Have you seen this species before? I'm guessing you've at least noticed evidence of its subterranean runways on the surface of the ground.
There are four species of moles that live in California, two of which have been recorded on Bodega Head. I showed one species, the American Shrew-Mole, on 9 February 2013 (review that post here). The mole pictured above is a Broad-footed Mole (Scapanus latimanus).
I used the name "Broad-footed Mole" because that's the name commonly used by other sources. But I was tempted to rebel and use "Broad-handed Mole" because the species name, "latimanus" translates directly into "broad hand." And a broad hand it is!
The entire mole was ~14 cm long. The front "hand" was ~2 cm long and ~1.5 cm wide. Note that the claws are quite long and take up ~50% of the hand!
On the opposite end, the hind feet are much, much smaller — not so important for digging.
I'll point out one more important characteristic for now — the tail. If you review the first photo (I'll show it again below), note the length of the tail (is it short or long?) and whether it's covered with hairs or not.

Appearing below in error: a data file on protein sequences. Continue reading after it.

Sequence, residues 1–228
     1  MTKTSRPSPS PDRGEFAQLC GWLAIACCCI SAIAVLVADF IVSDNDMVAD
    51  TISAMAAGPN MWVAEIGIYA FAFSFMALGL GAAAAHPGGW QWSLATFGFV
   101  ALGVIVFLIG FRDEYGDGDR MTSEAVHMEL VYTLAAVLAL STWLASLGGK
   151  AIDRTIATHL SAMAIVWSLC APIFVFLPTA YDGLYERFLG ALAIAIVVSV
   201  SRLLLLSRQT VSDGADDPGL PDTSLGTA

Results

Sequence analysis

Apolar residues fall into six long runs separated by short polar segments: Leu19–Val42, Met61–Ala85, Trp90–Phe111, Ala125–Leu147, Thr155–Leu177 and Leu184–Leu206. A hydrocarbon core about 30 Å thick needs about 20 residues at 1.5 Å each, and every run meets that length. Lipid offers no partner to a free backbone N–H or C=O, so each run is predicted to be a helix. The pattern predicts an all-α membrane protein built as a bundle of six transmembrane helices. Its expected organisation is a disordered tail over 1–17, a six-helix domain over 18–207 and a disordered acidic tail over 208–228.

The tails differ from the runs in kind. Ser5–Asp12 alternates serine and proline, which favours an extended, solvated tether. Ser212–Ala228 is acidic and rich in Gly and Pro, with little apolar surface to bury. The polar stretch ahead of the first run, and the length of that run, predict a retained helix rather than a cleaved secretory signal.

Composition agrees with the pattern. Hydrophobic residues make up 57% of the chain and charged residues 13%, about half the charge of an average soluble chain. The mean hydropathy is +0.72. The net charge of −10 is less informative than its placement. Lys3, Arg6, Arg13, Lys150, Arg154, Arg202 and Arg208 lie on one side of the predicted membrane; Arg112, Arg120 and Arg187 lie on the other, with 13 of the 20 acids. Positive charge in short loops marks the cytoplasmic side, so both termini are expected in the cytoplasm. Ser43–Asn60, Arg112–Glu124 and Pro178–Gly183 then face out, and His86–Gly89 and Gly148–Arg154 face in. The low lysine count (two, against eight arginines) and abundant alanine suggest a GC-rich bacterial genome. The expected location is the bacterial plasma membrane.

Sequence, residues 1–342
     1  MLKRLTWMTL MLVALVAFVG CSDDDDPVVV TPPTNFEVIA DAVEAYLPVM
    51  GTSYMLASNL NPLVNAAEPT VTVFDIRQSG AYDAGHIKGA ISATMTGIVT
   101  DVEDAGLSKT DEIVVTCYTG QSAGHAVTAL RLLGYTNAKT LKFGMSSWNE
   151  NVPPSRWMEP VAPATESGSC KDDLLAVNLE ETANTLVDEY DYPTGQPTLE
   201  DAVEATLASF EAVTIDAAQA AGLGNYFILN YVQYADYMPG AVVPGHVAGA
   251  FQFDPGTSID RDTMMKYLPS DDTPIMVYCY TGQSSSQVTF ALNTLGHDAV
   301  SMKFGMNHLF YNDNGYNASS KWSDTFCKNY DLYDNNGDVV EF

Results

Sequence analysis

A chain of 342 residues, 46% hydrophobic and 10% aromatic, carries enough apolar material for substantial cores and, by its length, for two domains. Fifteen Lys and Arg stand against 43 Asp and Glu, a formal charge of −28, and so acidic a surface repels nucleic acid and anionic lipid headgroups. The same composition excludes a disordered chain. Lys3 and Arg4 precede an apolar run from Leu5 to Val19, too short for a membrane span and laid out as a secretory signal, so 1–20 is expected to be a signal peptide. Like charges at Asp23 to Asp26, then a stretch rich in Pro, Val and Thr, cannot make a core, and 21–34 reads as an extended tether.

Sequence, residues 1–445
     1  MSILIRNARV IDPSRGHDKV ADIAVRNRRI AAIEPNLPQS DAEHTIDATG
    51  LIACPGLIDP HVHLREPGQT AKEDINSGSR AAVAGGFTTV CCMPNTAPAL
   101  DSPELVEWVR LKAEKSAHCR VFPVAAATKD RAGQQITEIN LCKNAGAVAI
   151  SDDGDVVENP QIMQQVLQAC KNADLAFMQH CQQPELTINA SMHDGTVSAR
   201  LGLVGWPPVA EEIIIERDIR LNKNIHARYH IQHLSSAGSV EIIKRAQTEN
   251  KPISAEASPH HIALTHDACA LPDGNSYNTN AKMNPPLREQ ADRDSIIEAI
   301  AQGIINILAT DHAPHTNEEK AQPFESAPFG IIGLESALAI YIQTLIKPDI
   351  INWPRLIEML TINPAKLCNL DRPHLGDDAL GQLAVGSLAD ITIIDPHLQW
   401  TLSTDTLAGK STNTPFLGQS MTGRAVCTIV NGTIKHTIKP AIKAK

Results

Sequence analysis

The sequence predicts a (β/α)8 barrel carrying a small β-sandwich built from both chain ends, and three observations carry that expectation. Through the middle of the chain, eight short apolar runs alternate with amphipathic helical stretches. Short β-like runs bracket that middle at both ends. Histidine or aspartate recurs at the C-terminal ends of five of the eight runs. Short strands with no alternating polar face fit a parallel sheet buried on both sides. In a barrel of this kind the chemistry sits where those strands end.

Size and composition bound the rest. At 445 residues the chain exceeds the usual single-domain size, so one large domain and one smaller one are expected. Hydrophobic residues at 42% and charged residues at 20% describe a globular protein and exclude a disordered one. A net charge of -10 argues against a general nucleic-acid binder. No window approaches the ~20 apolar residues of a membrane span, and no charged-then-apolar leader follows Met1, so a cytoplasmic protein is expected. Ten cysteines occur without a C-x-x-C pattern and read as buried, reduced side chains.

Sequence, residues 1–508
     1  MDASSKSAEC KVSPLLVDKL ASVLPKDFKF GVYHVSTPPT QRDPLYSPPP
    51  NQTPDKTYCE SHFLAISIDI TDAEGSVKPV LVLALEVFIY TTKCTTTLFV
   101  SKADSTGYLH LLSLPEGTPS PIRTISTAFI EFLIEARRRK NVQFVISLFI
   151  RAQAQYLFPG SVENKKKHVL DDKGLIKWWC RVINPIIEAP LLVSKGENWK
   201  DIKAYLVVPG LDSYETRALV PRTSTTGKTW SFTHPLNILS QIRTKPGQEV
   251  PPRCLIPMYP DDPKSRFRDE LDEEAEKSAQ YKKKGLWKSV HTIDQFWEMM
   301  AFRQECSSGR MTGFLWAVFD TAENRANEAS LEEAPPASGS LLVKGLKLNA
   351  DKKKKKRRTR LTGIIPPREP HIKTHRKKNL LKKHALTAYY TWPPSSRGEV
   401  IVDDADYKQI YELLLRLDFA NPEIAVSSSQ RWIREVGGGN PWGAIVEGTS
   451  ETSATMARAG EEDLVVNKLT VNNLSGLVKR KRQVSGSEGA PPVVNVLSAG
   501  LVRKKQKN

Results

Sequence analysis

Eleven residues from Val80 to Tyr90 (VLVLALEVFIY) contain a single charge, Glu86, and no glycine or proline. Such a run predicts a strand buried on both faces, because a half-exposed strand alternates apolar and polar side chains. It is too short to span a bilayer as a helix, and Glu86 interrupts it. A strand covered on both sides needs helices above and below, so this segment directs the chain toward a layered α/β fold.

The short, hairy tail helps identify this as a Broad-footed Mole.
P.S. I know this might seem a little random, but whenever I see a mole I almost always think of two things from my past that triggered visualizations of what life might be like for a mole:
- A drawing by one of my favorite illustrators — "Dead End Mole" by Peter Parnall. You can see it here. (Click on the thumbnail to see the complete version.)
- A wonderful book that Julie recommended to me — Duncton Wood by William Horwood. It's written in the style of Watership Down, but with moles instead of rabbits.